Amazonian indigenous people are not concerned about the ethnicity of practitioners. Amazonian indigenous people are concerned about the degradation and devaluation of their profession by practitioners they consider imposters, regardless of skin color.
To her first point, I have personally spent months and months of my life in the Amazon and Andes, studying the ethical and traditional methods of working with Ayahuasca and Huachuma. During no occasion did I ever receive anything but love and acceptance by the tribes that carry this wisdom. That includes the members of the tribes who don’t identify as medicine people; they still hold reverence for anyone preserving the sacredness of these practices. It was in fact my first indigenous teacher – the great Don Rober Acho – who looked me in the eyes and called me a shaman. I have been moved to sobbing tears by his and others’ generosity and acceptance. I sincerely have never felt judged. And believe me; my sensitive, self-loathing nature was sniffing it out for years. It never came. That spoke volumes.
That said, what Ms. Highpine states about the concern they carry for imposters is very, very real as well. It’s a concern that burns deep in me too. It is an incredible insult to assume you know what it takes to honor this unbelievably holy and difficult path just because you’ve had a handful of ceremonies, and you feel the call. That isn’t enough to justify taking the plunge and leading a ceremony. It IS enough to justify a sincere interest, and an invitation to do the work to become a legitimate practitioner.
In the Shipibo-Conibo tradition that I studied, tradition states the apprentice shall not pour a single cup of medicine in at least the first seven years. Typically it takes twelve. I met one amazing shaman that apprenticed for twenty-five years before he poured for anyone. I f’ing BOW to his integrity. (It took me ten years, for the record. I drank hundreds and hundreds of times – both in ceremony and alone, under the guidance of my teacher – before I was even close to owning that responsibility.)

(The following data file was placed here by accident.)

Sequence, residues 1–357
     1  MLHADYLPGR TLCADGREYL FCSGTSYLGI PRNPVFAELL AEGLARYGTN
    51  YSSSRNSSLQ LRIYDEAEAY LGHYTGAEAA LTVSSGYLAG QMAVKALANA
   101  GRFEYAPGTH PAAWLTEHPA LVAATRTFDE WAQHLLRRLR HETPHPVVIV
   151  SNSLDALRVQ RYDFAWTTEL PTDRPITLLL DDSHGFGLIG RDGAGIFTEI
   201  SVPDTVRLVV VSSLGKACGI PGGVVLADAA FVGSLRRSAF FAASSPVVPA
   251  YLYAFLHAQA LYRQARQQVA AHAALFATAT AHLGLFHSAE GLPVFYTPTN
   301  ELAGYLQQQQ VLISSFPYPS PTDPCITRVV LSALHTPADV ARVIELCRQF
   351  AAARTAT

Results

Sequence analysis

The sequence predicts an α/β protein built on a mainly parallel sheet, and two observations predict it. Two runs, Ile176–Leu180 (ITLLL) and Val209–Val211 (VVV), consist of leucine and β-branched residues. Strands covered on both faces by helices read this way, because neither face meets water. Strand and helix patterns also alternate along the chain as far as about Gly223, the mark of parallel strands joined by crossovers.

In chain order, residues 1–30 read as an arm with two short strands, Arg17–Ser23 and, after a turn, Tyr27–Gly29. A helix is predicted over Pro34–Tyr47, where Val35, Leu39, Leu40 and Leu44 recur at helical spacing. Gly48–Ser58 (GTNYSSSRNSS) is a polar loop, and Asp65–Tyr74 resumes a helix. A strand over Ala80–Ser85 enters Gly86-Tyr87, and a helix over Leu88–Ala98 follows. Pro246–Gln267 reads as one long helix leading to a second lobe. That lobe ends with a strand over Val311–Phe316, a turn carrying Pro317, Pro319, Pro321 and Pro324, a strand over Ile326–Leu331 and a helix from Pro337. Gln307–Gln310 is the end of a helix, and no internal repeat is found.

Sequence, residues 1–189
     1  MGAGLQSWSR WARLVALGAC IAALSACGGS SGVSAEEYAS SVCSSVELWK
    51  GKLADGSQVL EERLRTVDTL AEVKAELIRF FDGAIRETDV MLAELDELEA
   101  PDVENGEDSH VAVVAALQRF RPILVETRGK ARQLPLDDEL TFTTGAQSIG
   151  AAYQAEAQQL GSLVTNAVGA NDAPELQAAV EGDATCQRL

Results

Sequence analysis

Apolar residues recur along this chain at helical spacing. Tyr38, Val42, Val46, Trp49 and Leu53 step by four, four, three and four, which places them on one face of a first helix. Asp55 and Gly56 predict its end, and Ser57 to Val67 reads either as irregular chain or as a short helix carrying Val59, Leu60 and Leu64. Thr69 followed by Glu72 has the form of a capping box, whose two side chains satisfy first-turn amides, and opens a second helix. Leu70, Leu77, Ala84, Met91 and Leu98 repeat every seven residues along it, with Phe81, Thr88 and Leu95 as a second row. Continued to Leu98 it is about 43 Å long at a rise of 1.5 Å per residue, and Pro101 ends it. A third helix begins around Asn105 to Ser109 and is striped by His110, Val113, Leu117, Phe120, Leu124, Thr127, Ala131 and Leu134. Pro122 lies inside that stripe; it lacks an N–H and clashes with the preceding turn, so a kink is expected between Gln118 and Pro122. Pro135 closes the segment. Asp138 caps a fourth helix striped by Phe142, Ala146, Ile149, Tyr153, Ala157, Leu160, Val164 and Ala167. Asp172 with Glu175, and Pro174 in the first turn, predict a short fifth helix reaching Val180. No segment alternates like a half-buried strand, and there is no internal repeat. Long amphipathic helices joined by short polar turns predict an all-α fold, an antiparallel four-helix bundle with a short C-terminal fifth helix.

I will go into detail as to why this is so integral in a future article, but all I wish to emphasize here is this: The people entrusted to protect and honor these traditions are willingly sharing the ancient knowledge with sincere, responsible people of all skin colors. If the calling is there, and the integrity to be of service is felt, they are truly color blind. But we are expected to do the work. Whoever we are.
That work never ends.
Why Are So Many People Angry About White People Pouring Medicine?
I’m writing this article because not only have I been the recipient of many comments from Haterville (Ignorant Gringa! Know it all white trash! etc.), I’m also seeing an astounding amount of racist comments in the medicine community at large. It does make perfect sense, as that aspect of our shadow is loud and proud in the Western world at the moment--which is wonderful as we are given the opportunity to feel it and heal it. This is just a small contribution on my part to keep the dialogue going, as that is an essential element of integration and healing.
None of us can undo the color of our skin. That’s why it’s such a painful thing to feel judged for; it’s based in pure innocence. We are who we are. I do hold tremendous responsibility as a medicine carrier and a human being – to remain honest, authentic, and continue to do this work with pure intentions. But I will not be coerced into feeling guilty, shamed, or someone less-than because I wasn’t born in another part of the world.
That said, white privilege is a very real condition; it’s a shadowy aspect in many of us that have been consistently given opportunities that others have to work ten times as hard for based upon the existing prejudice and systems that uplift some and suppress others. It’s hard for many of us to truly grasp the reality of this condition because it’s literally the antithesis of our experiences - myself included, though I have a bit more empathy with minorities due the fact that I’m a woman. But I still don’t really know what it’s like to be anything else but white in America; yet I know enough to be extremely sensitive to the fact that I have indeed benefited.